Sexism became the main point of contention during the latest discussion around Universal Student Ratings of Instruction (USRI) and their usefulness as a teaching evaluation tool.

The University of Alberta is in the process of reviewing various methods of teaching evaluation. This includes USRIs, the feedback students give on their classes and their instructors at the end of every semester, and how that information is used to decide which professors receive promotions. General Faculties Council (GFC), the highest body for academic governance at the university, tasked the Committee on the Learning Environment, one of its subcommittees, to draft a report on existing research on USRIs as well as a list of recommendations in order to guide further discussion on the issue.

At their meeting on September 25, GFC was set to accept the report and the recommendations made by the learning environment committee, but concerns about sexism in student ratings became a major issue. Because debate lasted longer than expected, and GFC had other items to approve by that day, the motion to accept the report was moved to the next meeting on October 30.

Concerns about Sexism in Student Feedback

Carolyn Sale, an English professor who sits on GFC, said there is significant international research that shows that student feedback is skewed against female instructors.

During the meeting and in her own blog, she cited an article from The Economist reporting on such a study. The article states that students are biased against female instructors despite the fact that students often achieved the same course grade when the class is taught by a male instructor, and that sexism in student evaluations is a contributor to the scarcity of female professors in academia.

Sarah Forgie, who chairs the learning environment committee and worked on the USRI report, said research into teaching evaluations needs to be ongoing, and that the motion at GFC is a signal to continue that work.

“What we really want to do is make the student’s learning experience better, and the teacher’s teaching experience better by improving teaching evaluation,” Forgie said. “What we want to do is keep looking at it.”

However, Sale said the possible sexism in USRIs means that the information should not be used by administrators when evaluating an instructor for promotion, and that GFC should not endorse that practice.

“To do so would be to affirm that it is acceptable for us to continue to use in merit, tenure, and promotion decisions teaching evaluation mechanisms that are increasingly being characterized as discriminatory,” Sale said.

Sale said she is against the use of USRIs in decisions of promotion and tenure, and that the evaluations should only be used as a way for instructors to improve their teaching. She added that the report from the learning environment committee should not dismiss the research that links student feedback and sexism.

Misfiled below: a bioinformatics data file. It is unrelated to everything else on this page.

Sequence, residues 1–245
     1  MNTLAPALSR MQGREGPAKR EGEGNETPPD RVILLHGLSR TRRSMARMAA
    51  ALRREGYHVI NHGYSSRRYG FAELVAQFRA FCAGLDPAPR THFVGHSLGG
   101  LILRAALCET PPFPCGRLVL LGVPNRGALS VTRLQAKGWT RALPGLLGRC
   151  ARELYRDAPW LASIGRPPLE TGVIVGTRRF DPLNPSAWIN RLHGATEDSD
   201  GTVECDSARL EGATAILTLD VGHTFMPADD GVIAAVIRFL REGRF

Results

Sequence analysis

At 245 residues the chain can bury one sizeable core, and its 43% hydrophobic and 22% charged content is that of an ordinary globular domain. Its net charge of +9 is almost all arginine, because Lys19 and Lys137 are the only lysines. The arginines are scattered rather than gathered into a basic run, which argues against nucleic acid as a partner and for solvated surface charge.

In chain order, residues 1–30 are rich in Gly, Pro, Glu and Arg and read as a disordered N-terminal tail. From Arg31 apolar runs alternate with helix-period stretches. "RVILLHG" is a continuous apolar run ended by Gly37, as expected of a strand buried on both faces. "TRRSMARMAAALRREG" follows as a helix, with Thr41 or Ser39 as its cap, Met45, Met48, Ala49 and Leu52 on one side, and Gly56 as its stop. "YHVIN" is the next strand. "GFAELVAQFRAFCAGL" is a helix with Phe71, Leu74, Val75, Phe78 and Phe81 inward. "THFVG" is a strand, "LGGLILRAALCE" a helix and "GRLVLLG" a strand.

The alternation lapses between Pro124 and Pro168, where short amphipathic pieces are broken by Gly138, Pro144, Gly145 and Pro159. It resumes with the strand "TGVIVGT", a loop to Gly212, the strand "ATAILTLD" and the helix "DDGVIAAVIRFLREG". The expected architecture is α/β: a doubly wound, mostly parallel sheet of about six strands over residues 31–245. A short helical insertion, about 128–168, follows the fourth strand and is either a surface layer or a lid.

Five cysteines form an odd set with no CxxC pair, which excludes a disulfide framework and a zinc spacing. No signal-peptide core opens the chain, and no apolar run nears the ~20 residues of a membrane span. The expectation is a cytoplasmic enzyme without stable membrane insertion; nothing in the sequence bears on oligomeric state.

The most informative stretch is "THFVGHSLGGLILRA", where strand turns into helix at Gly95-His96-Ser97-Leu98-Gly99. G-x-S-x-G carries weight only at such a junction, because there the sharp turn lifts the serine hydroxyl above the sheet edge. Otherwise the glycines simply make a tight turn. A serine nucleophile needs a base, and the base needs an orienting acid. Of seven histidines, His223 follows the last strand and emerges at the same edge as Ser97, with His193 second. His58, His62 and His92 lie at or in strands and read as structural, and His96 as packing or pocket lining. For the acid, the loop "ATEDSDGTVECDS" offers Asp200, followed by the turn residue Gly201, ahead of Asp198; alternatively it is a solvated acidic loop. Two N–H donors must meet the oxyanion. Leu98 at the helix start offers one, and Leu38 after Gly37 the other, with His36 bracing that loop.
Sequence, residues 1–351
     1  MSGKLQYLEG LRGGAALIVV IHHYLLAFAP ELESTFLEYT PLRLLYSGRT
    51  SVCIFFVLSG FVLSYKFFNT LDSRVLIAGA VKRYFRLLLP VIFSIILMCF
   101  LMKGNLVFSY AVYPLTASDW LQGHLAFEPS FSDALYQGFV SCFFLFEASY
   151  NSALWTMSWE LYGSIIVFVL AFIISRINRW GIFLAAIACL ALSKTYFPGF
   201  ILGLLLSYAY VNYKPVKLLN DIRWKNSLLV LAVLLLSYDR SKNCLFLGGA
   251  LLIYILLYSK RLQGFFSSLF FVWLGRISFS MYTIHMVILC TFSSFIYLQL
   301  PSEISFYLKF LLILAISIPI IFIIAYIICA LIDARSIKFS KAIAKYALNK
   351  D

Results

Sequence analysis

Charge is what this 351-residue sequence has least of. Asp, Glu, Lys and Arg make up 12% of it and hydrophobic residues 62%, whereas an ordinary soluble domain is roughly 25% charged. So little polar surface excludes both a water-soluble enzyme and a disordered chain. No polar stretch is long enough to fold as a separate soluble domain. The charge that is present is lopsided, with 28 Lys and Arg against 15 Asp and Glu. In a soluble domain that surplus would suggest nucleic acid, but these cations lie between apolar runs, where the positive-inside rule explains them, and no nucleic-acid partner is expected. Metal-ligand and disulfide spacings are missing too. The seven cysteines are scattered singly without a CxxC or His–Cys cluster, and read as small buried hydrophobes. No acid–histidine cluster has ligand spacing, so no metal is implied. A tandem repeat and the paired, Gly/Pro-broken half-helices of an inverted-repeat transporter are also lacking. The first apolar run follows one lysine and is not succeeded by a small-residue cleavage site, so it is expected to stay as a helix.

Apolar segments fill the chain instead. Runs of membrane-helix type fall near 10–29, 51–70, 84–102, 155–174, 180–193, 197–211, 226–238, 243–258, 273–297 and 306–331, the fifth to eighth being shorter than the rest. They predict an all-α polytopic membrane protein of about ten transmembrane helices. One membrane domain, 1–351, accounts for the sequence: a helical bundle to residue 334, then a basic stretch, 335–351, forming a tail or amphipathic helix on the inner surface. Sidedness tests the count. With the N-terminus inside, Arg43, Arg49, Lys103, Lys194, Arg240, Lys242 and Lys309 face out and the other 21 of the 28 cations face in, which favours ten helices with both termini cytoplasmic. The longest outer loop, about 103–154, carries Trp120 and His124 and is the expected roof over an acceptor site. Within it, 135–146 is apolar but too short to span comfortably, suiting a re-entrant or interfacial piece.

“We cannot simply set aside possible concerns with gender bias in our USRIs,” she said.

Recognizing the Need for Student Input

Even though Sale said the report by the learning environment committee doesn’t go far enough in discussing sexism in student evaluations, Students’ Union vice-president (academic) Shane Scott said the report recognizes the research is there, just that it’s not entirely conclusive. Scott, who sits on the learning environment committee, also said USRIs are valuable as they’re a way for students to give direct feedback about courses and instructors.

“At the end of the day it’s paramount that students have a say in feedback and evaluations,” Scott said. “They still have to be given some weight because students make up the largest constituency on campus and are the ones who sit in a classroom every day so it’s important they have a say.”

Scott said the debate around USRIs, their potential for discrimination, and the way they’re used by faculty evaluation committees, resurfaces year after year. He said Sale’s concerns have merit, but the research on the issue is inconclusive, and that the report on USRIs does recommend further research into bias in student feedback.

“It’s not something that (the learning environment committee) is looking to write off,” Scott said. “We can’t adamantly say, ‘Yes bias matters.’ We don’t know and research on both sides of it is still up in the air, and that’s one thing that the committee acknowledges.”

Forgie agreed with Scott, saying that evaluation tools such as USRIs have a place in improving students’ experiences and that the learning environment committee is asking for GFC’s approval to keep looking at it.

“Even the perfect tool has the potential for bias, for misuse, for misinterpretation, but also the potential for excellent feedback,” Forgie said. “So we need to take that into account no matter what we use.”

Sale said that student feedback on courses and instructors is valuable, but that her concerns are with their use in employment decisions given the evidence that USRIs discriminate by gender.

“It’s not that instructors at this university don’t want feedback from students, we want it, we just don’t want it used in a particular way given the pretty strong indications that there is a discriminatory aspect,” Sale said.

The next General Faculties Council meeting is on October 30 from 2 p.m. to 4 p.m. in the Council Chambers (University Hall 2-100), and is open to the public.  

Image courtesy of Rosty Soroka
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